Rights group urges Mexico investigation of Oaxaca uprising response

[JURIST] Amnesty International [advocacy website] Tuesday urged the Mexican government to initiate a probe into alleged abuses [press release; report] by government authorities during the 2006 uprising in the Mexican state of Oaxaca [BBC backgrounder], saying that "ensuring that impunity for human rights violation is not allowed to prevail" will help to deter future abuses and be an opportunity for Mexican President Felipe Calderon [official website, in Spanish] to demonstrate that he is "committed to protecting, ensuring and fulfilling human rights." Oaxaca Governor Ulises Ruiz Ortiz rejected the report as one-sided, saying that he believed its authors were advisers for the Popular Assembly of the Peoples of Oaxaca [official website], a group of leftist labor and social organizations who banded together to demand the resignation of the Oaxacan government.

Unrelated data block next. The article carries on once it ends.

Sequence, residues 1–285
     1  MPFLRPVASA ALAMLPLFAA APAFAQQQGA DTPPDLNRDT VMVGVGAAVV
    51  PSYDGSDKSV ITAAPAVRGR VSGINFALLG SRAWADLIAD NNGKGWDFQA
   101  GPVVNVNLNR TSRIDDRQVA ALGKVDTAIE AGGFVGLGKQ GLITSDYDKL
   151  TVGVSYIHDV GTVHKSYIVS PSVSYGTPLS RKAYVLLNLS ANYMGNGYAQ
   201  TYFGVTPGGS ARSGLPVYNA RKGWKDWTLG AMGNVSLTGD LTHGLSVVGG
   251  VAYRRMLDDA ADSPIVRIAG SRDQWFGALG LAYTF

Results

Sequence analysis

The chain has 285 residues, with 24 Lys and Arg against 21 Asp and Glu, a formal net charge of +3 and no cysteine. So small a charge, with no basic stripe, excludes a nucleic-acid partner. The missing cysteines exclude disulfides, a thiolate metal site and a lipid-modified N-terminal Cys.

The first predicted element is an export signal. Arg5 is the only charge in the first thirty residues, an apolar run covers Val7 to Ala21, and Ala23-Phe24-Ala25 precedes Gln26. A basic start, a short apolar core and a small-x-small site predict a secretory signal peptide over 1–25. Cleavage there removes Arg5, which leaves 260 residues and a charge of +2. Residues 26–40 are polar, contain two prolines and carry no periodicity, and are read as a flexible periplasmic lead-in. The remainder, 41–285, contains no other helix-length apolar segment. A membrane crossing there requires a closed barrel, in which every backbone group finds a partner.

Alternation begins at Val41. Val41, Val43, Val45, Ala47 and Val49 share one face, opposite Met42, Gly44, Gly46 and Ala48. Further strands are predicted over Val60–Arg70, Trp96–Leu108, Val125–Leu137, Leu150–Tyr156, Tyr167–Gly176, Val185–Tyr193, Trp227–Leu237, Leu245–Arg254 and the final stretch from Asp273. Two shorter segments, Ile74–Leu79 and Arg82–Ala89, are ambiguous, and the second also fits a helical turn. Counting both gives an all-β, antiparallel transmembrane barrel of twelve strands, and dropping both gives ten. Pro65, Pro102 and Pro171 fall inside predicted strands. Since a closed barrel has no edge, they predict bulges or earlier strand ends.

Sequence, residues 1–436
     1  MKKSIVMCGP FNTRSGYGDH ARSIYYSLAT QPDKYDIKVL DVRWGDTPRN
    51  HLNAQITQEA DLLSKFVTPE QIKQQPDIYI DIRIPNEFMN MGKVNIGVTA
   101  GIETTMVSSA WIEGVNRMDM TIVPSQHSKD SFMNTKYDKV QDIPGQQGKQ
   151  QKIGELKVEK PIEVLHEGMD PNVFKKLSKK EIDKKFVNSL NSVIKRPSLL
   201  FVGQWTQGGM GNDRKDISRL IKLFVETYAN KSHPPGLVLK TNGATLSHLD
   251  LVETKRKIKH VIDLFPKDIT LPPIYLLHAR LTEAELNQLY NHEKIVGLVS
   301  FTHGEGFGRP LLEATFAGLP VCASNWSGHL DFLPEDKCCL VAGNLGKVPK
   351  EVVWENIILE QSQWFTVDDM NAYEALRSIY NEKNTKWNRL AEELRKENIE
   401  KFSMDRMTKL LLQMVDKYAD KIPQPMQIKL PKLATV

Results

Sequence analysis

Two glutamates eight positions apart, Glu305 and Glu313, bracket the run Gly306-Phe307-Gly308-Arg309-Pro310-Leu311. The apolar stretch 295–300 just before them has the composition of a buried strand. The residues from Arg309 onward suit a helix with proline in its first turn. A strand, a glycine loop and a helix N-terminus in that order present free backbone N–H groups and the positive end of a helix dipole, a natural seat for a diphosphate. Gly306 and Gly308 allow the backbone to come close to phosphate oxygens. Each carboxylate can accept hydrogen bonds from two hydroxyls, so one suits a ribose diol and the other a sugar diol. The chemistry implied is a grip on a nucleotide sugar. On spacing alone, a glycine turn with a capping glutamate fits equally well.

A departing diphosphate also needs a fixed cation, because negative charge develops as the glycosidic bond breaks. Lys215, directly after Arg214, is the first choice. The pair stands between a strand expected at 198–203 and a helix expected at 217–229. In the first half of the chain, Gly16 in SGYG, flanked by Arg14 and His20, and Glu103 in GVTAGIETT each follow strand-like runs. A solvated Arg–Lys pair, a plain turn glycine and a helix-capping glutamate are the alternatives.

In May, the National Human Rights Commission (CNDH) [official website] issued a report criticizing the federal government's response [JURIST report] to the Oaxaca uprising, saying that the government's intervention was "unjustifiably delayed for more than a month and half," which allowed protesters to occupy the state capital for five months after state authorities overwhelmed. The CNDH received 1,352 separate human rights complaints and found hundreds to be credible, including complaints that police officers tortured at least 13 protesters while they were being transported to detention facilities. Last October, a UN human rights expert expressed concerns over rights violations in Oaxaca [JURIST report]. In December 2006, Mexican police arrested the Oaxaca uprising leader [JURIST report] on five charges, including kidnapping and robbery. AP has more.

 

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